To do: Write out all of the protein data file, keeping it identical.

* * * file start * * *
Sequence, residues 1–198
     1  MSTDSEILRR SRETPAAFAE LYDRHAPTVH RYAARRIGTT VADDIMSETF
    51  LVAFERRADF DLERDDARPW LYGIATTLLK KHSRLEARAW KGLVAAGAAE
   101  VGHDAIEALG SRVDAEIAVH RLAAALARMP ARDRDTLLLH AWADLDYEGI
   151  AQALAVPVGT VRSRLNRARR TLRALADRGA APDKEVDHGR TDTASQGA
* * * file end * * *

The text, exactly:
Sequence, residues 1–198
     1  MSTDSEILRR SRETPAAFAE LYDRHAPTVH RYAARRIGTT VADDIMSETF
    51  LVAFERRADF DLERDDARPW LYGIATTLLK KHSRLEARAW KGLVAAGAAE
   101  VGHDAIEALG SRVDAEIAVH RLAAALARMP ARDRDTLLLH AWADLDYEGI
   151  AQALAVPVGT VRSRLNRARR TLRALADRGA APDKEVDHGR TDTASQGA